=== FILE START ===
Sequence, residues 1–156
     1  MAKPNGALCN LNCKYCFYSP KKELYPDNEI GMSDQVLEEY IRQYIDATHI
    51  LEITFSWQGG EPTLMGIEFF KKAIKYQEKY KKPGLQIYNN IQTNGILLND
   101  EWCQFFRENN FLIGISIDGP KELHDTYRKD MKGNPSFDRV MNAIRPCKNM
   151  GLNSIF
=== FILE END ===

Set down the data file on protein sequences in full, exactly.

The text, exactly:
Sequence, residues 1–156
     1  MAKPNGALCN LNCKYCFYSP KKELYPDNEI GMSDQVLEEY IRQYIDATHI
    51  LEITFSWQGG EPTLMGIEFF KKAIKYQEKY KKPGLQIYNN IQTNGILLND
   101  EWCQFFRENN FLIGISIDGP KELHDTYRKD MKGNPSFDRV MNAIRPCKNM
   151  GLNSIF